But before you run out and stock up on guns and ammo, let’s examine the issue of guns and survival, and what a gun may or may not mean for your own survival. I have seen far too often a certain breed of survivalist that places the entirety of their confidence in their firearms. Granted, guns can be used for hunting, as well as for defense, but we have to go beyond that position for the long term.

Defense and hunting are two very different uses for a firearm, and what may work well for one task may not for the other. Not only that, the state of mind you require is different for each of the two uses as well. Shooting a living creature when you are hungry is one thing, but what about shooting a living being that is attacking you? And don’t forget that the affect that act has on you extends far beyond the simple act of pulling a trigger. The picture of a man in your crosshairs, going down from a successful shot can haunt your memory for a very long time.

So, if you put your assets into a weapon for defense, and you find you are not really able to use it for that purpose, what then? Will that firearm still be useful for putting meat on your table? Usually they can be, but many weapons designed for defense is simply overkill, and cumbersome when it comes to hunting.

Take Colt’s AR15 Sporter SP1 Carbine. It’s a neat looking weapon, and while intended for sport shooting it can be easily modified for close quarter battle(CQB) very easily. Add a battle sling, larger mag capacity, night vision and what not and you can go to war. But is this something you’ll feel comfortable toting around the woods looking for game?

Some of my regular readers may have recognized part of this post from a couple of other pieces that I have done prior to this one. The issue of firearms and their relation to the preparedness agenda is a hotly contested one, and bears close study by anyone considering obtaining firearms as part of your long range preparedness plans. It’s a good idea to possess firearms, but the choice must be made bouyed by wisdom and research. Join me this Wednesday, 17 February on Maine Talk Radio as I discuss Urban Survival, for more input into the discussion. Click on the BlogTalk button to go directly to the show site.
Listen to D.l.soucy on Blog Talk Radio

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Comments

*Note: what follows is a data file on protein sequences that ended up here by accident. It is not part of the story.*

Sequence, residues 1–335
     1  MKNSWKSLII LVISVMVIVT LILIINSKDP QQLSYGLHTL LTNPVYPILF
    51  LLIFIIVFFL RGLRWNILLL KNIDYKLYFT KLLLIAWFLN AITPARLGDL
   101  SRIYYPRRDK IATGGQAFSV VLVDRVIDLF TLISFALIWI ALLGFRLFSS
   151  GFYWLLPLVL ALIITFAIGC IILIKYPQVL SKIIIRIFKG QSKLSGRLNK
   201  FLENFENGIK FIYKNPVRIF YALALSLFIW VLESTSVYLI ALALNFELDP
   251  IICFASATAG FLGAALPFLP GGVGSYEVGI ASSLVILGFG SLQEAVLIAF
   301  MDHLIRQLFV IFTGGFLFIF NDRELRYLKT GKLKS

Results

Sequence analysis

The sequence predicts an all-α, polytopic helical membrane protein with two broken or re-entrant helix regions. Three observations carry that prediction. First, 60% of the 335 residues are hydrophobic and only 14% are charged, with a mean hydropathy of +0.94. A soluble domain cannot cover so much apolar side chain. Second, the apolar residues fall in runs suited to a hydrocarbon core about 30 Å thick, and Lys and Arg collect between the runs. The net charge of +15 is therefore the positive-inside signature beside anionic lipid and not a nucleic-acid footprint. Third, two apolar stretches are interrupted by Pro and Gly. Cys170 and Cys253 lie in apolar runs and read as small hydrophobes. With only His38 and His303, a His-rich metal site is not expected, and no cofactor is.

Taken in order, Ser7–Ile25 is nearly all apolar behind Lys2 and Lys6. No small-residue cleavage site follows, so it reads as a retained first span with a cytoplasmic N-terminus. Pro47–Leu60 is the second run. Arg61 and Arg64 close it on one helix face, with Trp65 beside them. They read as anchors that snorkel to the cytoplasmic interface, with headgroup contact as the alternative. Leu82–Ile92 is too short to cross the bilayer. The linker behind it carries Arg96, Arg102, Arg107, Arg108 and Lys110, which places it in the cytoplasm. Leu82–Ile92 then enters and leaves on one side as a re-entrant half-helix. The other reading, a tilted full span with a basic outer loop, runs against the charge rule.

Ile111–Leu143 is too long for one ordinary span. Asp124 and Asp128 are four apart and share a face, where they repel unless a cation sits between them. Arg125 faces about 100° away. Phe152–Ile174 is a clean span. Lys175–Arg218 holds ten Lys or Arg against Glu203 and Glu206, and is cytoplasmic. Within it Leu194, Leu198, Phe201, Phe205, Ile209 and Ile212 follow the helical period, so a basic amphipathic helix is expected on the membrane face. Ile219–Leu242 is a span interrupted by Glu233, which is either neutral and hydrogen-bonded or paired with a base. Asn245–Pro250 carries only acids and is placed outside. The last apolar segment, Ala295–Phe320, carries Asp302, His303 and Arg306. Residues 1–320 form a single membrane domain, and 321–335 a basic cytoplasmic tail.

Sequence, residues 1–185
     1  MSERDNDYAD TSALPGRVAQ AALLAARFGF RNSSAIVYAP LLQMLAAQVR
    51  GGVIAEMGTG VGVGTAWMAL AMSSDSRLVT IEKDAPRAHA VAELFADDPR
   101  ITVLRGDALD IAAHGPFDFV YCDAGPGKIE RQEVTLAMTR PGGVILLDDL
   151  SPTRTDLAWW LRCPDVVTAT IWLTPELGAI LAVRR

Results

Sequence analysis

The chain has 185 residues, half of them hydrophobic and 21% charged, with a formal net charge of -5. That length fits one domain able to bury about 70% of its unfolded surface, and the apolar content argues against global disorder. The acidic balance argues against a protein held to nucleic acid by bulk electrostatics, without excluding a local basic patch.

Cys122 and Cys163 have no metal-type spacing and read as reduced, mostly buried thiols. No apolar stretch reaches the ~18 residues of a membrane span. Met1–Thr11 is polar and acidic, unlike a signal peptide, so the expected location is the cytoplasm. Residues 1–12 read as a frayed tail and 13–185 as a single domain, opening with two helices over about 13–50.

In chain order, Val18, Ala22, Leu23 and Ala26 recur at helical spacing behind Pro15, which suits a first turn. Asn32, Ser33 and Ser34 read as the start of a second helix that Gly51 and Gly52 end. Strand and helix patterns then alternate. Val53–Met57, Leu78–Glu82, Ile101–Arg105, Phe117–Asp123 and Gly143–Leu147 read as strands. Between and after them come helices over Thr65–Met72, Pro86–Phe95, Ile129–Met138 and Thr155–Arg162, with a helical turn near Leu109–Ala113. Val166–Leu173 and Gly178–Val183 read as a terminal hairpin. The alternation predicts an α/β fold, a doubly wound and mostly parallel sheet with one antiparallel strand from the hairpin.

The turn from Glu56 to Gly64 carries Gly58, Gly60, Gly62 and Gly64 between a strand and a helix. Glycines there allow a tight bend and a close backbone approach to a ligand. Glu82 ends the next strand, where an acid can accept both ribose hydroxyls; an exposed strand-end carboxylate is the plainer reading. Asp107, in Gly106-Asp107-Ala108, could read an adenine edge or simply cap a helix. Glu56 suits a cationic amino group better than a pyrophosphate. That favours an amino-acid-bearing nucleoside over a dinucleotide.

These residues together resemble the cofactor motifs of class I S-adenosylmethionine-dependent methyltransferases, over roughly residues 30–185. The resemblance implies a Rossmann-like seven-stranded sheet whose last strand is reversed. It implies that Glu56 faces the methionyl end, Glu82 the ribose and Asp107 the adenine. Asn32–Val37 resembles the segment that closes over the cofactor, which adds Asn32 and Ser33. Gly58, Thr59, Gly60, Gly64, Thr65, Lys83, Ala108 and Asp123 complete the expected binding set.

1. sarge77 says:

    You raise good points, and I am generally in agreement. However, and I know this is all opinion and whatnot, I don’t think it fair to write off the AR-15 so quickly. It is a lightweight rifle, chambering a common round. It was designed for combat. However, even in the M4 variation (short barrel for close combat) it is accurate to 500 yards with no problem. the 5.56 mm or .223 cartridge is common in hunting circles. Typically it is used for varmit hunting, but it could be used to take a deer, or something of that size. I don’t know how it would fare with larger game, and so will not speak to that, but I think that it is not a bad choice for an all around rifle.

    Just another of millions of firearm opinions. I enjoyed the read, and the well considered opinion.

    Sarge

    • dlsoucy says:

      Actually, I’m not necessarily writing off any firearm in principle. I suggest the 22 cal and the shotgun as a good basic arsenal because of the versatility of the combination and the low cost for not only the initial purchase, but the ammunition as well. Many of the people who read my writing are new preppers, and the monetary aspects of getting ready to survive the coming times can be overwhelming when faced with the aquisition of the many components of a survival homestead. I go into greater depth in my book “Surviving the Times” but these three firearms are readily available, inexpensive and relatively tame, especially to a newcomer. But they get the job done, no matter what the job is, and they are great weapons to learn how to shoot with, and more importantly, how to care for your firearms. I think you can agree that these are a good starter selection for anyone, based upon these consideration.